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Can dogs eat Reese’s peanut butter cups?

The short answer to the question ‘Can a dog eat Reese’s Peanut Butter cups?’ is an emphatic “no.” Dogs should never be given chocolate in any form. A small amount will not kill a dog, but it is still very bad for the dog’s health. It makes their heart rate speed up dramatically and can cause heart failure in extreme cases.

The strength of the chocolate, like the type and amount of chocolate, can make a lot of difference. The size of the dog also makes a big difference in how much chocolate is dangerous. Most veterinarians advise against giving dogs chocolate in any form, or any amount, to a dog.

Can dogs eat Reese’s peanut butter cups?

Dogs “can” eat Reese’s Peanut Butter cups, and probably will if given the chance. They should not eat them, however, as chocolate is toxic to dogs.

These cups contain milk chocolate, which is not as bad as dark chocolate would be. A single cup will not likely kill your dog, but it will make her sick. 

One of the ingredients in chocolate is theobromine, which is sort of like caffeine. Chocolate also has caffeine, and that is bad for your dog as well. Theobromine is the greater of the two evils for your dog, but both should be avoided.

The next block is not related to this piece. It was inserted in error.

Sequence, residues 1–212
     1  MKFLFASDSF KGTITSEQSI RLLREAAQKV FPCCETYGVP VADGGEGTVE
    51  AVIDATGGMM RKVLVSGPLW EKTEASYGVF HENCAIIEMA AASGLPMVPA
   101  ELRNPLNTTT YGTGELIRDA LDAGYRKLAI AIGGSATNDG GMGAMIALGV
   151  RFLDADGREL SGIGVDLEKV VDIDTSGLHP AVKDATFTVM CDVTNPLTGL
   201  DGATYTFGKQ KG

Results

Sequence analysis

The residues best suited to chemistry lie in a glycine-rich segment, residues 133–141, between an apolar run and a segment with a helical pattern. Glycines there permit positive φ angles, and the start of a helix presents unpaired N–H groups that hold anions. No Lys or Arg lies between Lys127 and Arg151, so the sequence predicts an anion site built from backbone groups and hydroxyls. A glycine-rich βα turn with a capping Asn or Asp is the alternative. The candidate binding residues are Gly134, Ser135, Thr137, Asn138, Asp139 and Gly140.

A little caffeine for humans is seen as a good thing, but too much can be harmful. Even a little theobromine for dogs is not a good thing. The substance acts like caffeine in humans but is many times worse.

Dogs do not metabolize theobromine or caffeine as people do, and that makes it much more harmful to dogs than it is to humans.

This means the dog can re-absorb theobromine. It essentially repeats itself and stays in the bloodstream a long time. 

Theobromine is the main toxic item in chocolate that is harmful to dogs, but there are additional reasons a chocolate peanut butter cup is bad for dogs.

The fat and sugar are also harder to digest and can add to the discomfort your pet will feel if they get sick from chocolate. Sugar and fat are also bad for your dog’s teeth.  There really is nothing good for your dog in a chocolate peanut butter cup.